Passage to Andaman Islands, March 1-3

None of the five of us had ever sailed a multiday (and multi-night!) open-ocean passage before. We were certainly filled with anticipation when we pulled anchor in the late afternoon on February 29, set a GPS waypoint for Port Blair, the capital of India's Andaman Islands 343 miles away, and followed the GPS's arrow into the blue yonder.

GPS was only one of several navigation methods. We also used the paper charts we'd acquired in the nick of time before leaving home; in Phuket we bought electronic charts and loaded them onto a laptop; and of course there's navigating by the stars. Each method -- perhaps excepting the stars -- has its uses in different situations, but since there were no obstacles for the first 300 miles
(non-moving ones, anyway), we relied primarily on the GPS.

Our biggest problem on the passage, by far, was light winds. One might assume that light winds are preferable to fighting a gale, but after hours of bobbing in the middle of the ocean, barely moving, one does tend to develop a strange craving for howling winds and a heaving boat. Of course the ideal weather is somewhere in between these extremes, and we weren't entirely deprived. Picture us relaxing on the large deck in the front of the boat as the dual hulls slice through the water, enjoying a pleasant breeze, endless ocean and blue sky in all directions, and periodic visits from bow-riding dolphins (photo 2). It's not a fairy tale -- it really was just like that sometimes. Night watches (photo 3) had their charms as well, especially under a bright moon and steady winds. But for some fraction of the time we did fret about how slowly we were moving, and we used the engines occasionally although we were constrained by the size of the fuel tanks.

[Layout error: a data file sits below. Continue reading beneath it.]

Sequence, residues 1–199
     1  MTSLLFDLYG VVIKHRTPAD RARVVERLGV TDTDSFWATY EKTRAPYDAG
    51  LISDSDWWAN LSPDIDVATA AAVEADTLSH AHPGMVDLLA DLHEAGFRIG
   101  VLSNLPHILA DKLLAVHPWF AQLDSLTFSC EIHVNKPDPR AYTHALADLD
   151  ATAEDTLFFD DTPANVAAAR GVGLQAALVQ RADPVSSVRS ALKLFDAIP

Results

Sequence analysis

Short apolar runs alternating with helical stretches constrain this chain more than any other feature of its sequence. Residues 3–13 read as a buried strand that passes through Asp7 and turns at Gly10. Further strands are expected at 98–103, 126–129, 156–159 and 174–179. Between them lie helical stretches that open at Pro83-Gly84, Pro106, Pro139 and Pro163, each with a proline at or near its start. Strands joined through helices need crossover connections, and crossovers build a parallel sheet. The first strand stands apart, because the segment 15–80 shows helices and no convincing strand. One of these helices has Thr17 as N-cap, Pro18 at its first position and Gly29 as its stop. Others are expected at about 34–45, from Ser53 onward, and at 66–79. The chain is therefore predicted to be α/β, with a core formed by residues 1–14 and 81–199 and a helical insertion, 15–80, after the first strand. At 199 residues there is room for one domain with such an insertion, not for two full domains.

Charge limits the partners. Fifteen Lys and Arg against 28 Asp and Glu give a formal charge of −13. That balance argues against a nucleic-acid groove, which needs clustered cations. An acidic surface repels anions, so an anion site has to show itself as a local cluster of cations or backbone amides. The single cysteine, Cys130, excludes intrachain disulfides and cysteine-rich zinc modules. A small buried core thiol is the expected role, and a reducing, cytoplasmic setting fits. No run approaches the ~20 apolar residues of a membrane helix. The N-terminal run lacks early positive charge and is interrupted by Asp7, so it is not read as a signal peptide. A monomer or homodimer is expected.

Our original hope was to make it to Port Blair (the obligatory yacht entry point for the Andaman Islands) in about 60 hours, arriving the morning of March 3. The first spell of light winds struck soon after we set off, and it didn't take long for us to realize there was little hope of sticking with our schedule. One night we traveled a grand total of seven miles! (Strong winds came up in the morning and we doubled our distance in less than an hour.) In the end it took us 84 hours, arriving very early morning on March 4. To be fair, that time includes a stop of a few hours at Invisible Bank, a submerged reef about 45 miles before Port Blair, where we enjoyed some snorkeling, a scuba dive, and the novelty of being anchored for a short while.

It wasn't as difficult to entertain ourselves as one might imagine. First, there were the idyllic periods just enjoying the wind and sea, alternately reading a book and dozing (photo 4), keeping half an eye on the horizon for other boats. (We saw a grand total of four other boats during the passage, all within the first day and a half, plus one airplane close to Port Blair.) Then there were the tempting progress calculations based on boat speed and distance-to-go; Alex specialized in these.